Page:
Awareness of dementia symptoms is lacking in the UK
- Almost half of people surveyed don’t realise that dementia is fatal
- GB adults are most concerned about having Alzheimer’s or dementia (38%) in the future
- 87% believe early detection of dementia can make a difference to their future health
We are dedicated to leading the way in dementia research and educating the public on the disease
The exclusive YouGov survey questioned 2049 adults in Britain about dementia. Whilst 81% of respondents said they knew the disease affected memory, awareness of other symptoms such as the impact the disease can have on mood and behaviour, was lacking. The survey revealed that:
- 49% of respondents were unaware that a person could die as a result of dementia
- 11% weren’t sure of what dementia symptoms were
- Only 62% realised that dementia can result in unexpected and uncharacteristic anger
YouGov survey highlights that awareness about the symptoms of dementia is low
Many people associate dementia mainly with memory loss. In fact, 81% of Brits think that difficulty remembering recent events is a symptom of dementia. Awareness of other symptoms among the British public is lacking. In addition, almost half (49%) of respondents surveyed didn’t realise that dementia is a fatal disease. Despite people fearing developing dementia or Alzheimer’s the most (38%) compared to cancer (26%) and heart disease (6%), many people are still unaware of symptoms of the disease beyond memory loss.
Early diagnosis is key to improving long-term health outcomes
It was reassuring to discover that 87% of respondents believed that early detection of dementia can make a difference to the future health of the individual. At Re:Cognition Health, we are committed to providing people with an early, accurate diagnosis of their cognitive symptoms.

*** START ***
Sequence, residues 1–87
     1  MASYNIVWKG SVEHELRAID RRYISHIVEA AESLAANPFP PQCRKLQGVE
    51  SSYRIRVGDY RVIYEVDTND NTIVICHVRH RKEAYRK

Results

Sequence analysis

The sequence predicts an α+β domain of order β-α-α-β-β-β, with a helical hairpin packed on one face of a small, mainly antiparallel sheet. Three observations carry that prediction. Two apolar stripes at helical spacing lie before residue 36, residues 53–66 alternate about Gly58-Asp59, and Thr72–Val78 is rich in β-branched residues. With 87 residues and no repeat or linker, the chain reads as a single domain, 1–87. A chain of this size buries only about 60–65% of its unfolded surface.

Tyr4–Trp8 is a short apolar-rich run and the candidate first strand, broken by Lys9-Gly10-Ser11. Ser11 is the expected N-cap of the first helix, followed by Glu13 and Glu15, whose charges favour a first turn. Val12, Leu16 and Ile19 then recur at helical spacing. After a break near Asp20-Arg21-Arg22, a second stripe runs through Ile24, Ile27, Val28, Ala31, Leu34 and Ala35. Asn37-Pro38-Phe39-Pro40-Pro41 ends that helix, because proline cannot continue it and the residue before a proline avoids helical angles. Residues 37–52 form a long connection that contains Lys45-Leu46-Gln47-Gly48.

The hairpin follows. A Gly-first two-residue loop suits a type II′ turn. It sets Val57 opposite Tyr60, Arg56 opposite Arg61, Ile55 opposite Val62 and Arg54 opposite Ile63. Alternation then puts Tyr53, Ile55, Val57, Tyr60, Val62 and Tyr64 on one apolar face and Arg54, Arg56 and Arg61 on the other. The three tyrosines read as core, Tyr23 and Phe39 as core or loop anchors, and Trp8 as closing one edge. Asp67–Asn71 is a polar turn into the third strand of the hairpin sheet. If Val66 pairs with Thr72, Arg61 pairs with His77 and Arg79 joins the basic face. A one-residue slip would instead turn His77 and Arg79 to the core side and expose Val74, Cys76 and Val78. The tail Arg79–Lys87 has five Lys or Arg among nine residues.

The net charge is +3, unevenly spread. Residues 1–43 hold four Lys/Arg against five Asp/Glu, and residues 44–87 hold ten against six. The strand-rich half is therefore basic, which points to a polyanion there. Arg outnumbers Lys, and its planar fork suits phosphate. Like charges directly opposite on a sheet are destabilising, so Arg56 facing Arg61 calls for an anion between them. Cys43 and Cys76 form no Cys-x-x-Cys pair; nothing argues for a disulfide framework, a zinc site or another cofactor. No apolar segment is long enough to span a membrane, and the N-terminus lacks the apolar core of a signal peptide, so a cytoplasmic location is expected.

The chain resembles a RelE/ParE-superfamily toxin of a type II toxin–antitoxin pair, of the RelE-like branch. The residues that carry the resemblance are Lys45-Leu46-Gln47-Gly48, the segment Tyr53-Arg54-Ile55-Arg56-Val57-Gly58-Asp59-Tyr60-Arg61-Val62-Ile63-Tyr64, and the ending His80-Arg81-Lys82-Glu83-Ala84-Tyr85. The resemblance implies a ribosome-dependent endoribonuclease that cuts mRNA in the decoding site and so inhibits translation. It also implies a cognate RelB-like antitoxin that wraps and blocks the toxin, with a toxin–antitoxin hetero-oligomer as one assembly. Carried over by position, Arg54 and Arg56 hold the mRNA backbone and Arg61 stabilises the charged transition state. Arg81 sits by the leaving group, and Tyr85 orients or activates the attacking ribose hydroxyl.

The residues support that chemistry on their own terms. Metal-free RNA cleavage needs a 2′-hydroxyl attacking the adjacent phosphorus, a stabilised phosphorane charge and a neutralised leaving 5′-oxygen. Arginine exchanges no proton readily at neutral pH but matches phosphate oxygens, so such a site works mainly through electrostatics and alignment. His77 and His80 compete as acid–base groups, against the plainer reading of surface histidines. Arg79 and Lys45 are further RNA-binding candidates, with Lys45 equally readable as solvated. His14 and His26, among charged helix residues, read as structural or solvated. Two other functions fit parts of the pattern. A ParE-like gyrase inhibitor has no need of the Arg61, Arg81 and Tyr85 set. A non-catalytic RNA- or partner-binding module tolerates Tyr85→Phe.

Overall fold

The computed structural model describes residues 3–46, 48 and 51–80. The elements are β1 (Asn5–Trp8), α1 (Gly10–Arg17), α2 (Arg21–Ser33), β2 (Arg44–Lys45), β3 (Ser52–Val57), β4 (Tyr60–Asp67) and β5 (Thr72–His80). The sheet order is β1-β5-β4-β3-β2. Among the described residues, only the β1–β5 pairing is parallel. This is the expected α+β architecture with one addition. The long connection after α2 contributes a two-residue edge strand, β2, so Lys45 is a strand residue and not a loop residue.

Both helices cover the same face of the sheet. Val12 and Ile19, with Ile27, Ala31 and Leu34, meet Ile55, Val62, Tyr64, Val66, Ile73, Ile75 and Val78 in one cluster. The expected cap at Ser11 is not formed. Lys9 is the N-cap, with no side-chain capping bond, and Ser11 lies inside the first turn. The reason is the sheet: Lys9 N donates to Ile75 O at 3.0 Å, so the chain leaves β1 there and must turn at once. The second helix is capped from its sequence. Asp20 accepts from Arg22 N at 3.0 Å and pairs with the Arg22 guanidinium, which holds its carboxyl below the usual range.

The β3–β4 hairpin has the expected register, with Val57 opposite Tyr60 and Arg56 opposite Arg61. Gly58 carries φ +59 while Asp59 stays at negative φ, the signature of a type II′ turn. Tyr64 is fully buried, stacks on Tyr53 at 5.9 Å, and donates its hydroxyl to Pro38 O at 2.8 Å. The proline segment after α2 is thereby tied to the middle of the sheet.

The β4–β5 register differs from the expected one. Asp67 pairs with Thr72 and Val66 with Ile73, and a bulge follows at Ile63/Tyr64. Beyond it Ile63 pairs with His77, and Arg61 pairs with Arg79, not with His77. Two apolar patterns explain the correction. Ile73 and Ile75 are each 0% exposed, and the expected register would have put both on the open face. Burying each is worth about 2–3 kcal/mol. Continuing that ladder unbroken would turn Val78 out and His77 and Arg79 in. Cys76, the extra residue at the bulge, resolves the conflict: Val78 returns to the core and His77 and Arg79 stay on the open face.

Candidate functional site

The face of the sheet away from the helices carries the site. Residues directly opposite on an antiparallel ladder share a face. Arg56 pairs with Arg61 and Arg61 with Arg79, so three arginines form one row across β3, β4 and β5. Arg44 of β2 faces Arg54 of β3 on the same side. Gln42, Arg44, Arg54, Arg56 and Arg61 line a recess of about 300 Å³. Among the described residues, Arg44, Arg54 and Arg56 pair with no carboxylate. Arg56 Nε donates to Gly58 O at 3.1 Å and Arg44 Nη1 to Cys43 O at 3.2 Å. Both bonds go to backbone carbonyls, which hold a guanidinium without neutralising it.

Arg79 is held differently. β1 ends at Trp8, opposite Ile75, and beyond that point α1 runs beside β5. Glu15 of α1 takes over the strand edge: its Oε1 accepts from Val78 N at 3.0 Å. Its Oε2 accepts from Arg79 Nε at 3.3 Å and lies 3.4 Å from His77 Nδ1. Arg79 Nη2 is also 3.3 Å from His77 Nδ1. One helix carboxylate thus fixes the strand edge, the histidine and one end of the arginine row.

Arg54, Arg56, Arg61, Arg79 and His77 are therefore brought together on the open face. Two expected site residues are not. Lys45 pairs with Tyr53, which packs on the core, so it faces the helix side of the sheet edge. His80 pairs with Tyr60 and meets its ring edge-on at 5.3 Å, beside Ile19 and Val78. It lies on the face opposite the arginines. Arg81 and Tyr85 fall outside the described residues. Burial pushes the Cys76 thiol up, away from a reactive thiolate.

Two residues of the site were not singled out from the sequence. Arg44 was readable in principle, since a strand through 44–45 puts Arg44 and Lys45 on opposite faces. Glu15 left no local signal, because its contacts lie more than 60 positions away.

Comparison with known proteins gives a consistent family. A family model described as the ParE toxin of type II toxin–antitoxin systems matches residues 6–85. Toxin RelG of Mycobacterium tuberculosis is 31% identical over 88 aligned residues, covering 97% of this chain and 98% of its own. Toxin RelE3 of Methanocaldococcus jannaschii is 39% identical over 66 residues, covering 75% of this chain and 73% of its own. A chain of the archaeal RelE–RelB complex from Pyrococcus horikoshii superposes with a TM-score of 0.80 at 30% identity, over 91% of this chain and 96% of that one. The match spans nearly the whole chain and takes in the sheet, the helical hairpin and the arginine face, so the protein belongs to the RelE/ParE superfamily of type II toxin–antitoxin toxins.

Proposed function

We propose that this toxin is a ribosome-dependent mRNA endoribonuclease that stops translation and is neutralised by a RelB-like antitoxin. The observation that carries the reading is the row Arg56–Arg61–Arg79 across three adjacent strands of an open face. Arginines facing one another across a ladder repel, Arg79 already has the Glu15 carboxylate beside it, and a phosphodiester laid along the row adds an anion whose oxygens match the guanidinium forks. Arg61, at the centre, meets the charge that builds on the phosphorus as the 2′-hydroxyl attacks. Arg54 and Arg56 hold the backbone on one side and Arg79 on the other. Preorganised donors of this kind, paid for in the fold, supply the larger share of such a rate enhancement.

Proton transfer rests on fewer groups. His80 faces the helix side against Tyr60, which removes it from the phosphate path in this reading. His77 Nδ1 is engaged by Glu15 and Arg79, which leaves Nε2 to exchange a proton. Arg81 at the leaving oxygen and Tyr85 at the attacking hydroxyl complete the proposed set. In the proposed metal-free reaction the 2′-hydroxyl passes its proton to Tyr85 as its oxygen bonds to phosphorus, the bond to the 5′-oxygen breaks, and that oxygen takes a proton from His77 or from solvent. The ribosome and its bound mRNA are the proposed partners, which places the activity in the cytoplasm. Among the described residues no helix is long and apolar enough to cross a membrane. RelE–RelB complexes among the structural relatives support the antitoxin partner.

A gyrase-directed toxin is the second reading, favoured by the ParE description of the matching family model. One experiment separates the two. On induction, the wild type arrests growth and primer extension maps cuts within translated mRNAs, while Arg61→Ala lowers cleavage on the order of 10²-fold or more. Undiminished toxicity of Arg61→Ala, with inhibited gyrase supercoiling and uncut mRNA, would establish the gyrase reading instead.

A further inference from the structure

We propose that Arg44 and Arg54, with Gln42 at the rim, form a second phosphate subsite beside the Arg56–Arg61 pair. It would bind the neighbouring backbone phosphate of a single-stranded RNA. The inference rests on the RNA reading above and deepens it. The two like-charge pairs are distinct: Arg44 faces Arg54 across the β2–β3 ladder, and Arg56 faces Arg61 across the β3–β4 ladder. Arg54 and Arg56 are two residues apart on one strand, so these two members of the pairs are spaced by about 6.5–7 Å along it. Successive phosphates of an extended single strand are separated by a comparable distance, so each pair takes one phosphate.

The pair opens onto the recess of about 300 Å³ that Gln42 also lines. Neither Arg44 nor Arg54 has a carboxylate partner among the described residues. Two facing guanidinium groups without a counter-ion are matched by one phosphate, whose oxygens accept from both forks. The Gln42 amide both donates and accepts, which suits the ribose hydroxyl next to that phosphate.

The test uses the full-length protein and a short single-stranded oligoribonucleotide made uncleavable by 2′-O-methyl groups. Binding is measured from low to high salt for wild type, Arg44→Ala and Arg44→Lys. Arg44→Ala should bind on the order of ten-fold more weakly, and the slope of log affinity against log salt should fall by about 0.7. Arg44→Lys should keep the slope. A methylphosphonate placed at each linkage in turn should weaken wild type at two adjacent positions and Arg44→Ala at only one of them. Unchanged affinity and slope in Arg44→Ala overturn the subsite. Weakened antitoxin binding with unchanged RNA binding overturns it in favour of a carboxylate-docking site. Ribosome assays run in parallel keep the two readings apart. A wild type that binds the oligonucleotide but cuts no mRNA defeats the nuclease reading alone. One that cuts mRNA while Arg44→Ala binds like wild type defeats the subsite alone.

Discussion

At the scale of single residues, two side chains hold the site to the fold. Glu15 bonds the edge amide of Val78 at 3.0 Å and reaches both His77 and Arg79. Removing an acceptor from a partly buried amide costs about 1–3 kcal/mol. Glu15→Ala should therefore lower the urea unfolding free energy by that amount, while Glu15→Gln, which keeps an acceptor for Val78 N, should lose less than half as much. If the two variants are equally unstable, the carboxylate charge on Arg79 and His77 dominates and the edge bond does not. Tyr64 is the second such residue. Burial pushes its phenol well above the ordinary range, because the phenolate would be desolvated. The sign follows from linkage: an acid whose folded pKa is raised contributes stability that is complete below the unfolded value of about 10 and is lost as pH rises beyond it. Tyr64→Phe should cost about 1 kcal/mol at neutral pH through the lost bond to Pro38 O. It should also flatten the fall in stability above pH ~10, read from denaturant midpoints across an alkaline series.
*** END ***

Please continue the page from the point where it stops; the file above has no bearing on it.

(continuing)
Dr Emer MacSweeney, CEO and Medical Director of Re:Cognition Health, comments: “Early intervention and accurate diagnosis of the specific cause of a person’s dementia is key to ensuring the individual receives access to the correct and best treatment, at the earliest stage. In order to receive an early diagnosis, it is essential to recognise symptoms as soon as possible. Unfortunately, the survey highlights that the general public is not yet sufficiently well informed.”
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Volunteers can gain access to new generation medications designed to slow down the progression of the Alzheimer’s Disease and its symptoms. Existing medications, available through the health service, can manage only the symptoms, rather than slow their otherwise relentless, progression.
Dementia is an umbrella term for symptoms of cognitive impairment
Dr MacSweeney says: “There is a difference between Alzheimer’s disease and dementia. Dementia is an umbrella term for symptoms of cognitive impairment such as memory loss, change in mood and behaviour, difficulty with language and decision making, which have progressed to a stage where the individual is no longer able to undertake all their daily activities independently. Alzheimer’s is one cause of dementia, whilst vascular dementia and Parkinson’s Disease are other causes. It’s important to get an early diagnosis of the individual’s exact cause of dementia in order to access appropriate treatment.”